International Journal of Multiple Sclerosis and Related Disorders

International Journal of Multiple Sclerosis and Related Disorders

International Journal of Multiple Sclerosis and Related Disorders

Current Issue Volume No: 1 Issue No: 1

Research Article Open Access Available online freely Peer Reviewed Citation Provisional

Peripheral Third Cranial Nerve Palsy in A Patient With Pediatric Form of Multiple Sclerosis

1Department of Neurology, Lebanese University.

2Department of Neurology, Lebanese Hospital University Hospital, Lebanon

Abstract

Multiple Sclerosis has traditionally been considered an inflammatory and autoimmune disease of the central nervous system. However, peripheral cranial nerve involvement has been described previously in eight cases, raising the hypothesis of a disease spectrum between central and peripheral nervous system. We hereby present a case of a 12 years old girl diagnosed with Multiple Sclerosis who presents with complete unilateral third cranial nerve palsy. Complete clinical, laboratory and radiological work-up was consistent with demyelinating disease. We conclude that demyelination in Multiple Sclerosis can affect in some cases both the central and peripheral nervous system.

Author Contributions
Received 26 Mar 2024; Accepted 14 Jun 2024; Published 17 Jun 2024;

Academic Editor: Ashraf Naeem, Zagazig University, Faculty of medicine, Anatomy and Embryology Department, Egypt.

Checked for plagiarism: Yes

Review by: Single-blind

Copyright ©  2024 Abdallah Rahbani, et.al

License
Creative Commons License     This is an open-access article distributed under the terms of the Creative Commons Attribution License, which permits unrestricted use, distribution, and reproduction in any medium, provided the original author and source are credited.

Competing interests

The authors have declared that no competing interests exist.

Citation:

Najo Jomaa, Grace Adwane, Abdallah Rahbani (2024) Peripheral Third Cranial Nerve Palsy in A Patient With Pediatric Form of Multiple Sclerosis. International Journal of Multiple Sclerosis and Related Disorders - 1(1):6-9.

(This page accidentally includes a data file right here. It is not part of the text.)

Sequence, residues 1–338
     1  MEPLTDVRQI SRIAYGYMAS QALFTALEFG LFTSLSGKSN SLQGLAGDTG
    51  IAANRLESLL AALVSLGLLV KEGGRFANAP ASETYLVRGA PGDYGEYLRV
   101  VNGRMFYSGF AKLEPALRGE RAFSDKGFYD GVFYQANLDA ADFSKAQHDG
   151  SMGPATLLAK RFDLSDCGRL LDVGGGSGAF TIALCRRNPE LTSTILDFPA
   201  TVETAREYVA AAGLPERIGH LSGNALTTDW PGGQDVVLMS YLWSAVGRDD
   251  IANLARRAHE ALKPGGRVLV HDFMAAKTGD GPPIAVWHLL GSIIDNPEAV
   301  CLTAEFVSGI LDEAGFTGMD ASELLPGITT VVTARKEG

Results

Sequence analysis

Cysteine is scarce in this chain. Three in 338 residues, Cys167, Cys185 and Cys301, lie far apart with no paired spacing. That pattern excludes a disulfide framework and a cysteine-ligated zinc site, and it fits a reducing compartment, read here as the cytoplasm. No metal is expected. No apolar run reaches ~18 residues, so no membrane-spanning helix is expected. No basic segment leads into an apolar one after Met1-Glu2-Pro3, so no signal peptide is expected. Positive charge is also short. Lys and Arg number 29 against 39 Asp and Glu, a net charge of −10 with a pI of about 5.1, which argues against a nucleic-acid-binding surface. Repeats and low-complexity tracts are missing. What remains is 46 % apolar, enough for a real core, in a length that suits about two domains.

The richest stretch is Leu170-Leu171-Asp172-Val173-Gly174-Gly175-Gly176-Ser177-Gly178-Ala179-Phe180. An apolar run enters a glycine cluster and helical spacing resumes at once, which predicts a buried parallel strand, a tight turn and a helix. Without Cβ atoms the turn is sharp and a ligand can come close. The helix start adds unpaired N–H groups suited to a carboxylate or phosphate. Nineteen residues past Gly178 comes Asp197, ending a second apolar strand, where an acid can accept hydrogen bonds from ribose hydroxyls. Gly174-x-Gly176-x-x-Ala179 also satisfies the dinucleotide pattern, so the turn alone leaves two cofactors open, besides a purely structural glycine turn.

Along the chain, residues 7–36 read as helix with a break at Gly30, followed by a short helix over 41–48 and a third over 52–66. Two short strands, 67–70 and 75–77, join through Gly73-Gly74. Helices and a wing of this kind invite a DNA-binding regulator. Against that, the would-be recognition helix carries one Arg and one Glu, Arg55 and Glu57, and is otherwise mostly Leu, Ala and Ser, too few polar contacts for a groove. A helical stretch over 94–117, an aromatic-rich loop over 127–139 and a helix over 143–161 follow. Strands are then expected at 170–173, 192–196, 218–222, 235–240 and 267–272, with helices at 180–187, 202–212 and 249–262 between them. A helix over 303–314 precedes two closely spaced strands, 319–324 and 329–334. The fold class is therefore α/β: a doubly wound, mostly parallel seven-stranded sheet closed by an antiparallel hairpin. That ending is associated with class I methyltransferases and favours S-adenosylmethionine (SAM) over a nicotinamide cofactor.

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Introduction

It has always been considered that Multiple Sclerosis (MS) is a chronic inflammatory and autoimmune demyelinating disease of the central nervous system (CNS) 1. However, the involvement of the peripheral nervous system (PNS) has been shown to be associated with MS in different previous studies raising the concept of a possible disease spectrum between PNS and CNS demyelinating diseases 2, 10.

It is common to have an involvement of the brainstem at anytime through the course of the disease in MS. These would usually cause many symptoms including ocular motility problems. However, an isolated inflammation of cranial nerves is very rarely reported in MS 2.

Eight cases of an isolated third cranial nerve palsy have been reported in the English language literature. These had a variable range of symptoms regarding ophthalmoplegia, pupil involvement, ptosis and pain. Magnetic resonance imaging (MRI) was done in 6 cases with 4 cases showing a midbrain lesion and only one case showing an enhancement of the third cranial nerve 2, 3, 4, 5, 6, 7, 8, 9.

We hereby present a case of an isolated complete third cranial nerve palsy in a patient diagnosed with pediatric MS.

Case Report

A 12 years old girl presented acutely with left eye ptosis. She had a mydriatic left pupil along with binocular diplopia. She was diagnosed as having a complete left third cranial nerve palsy.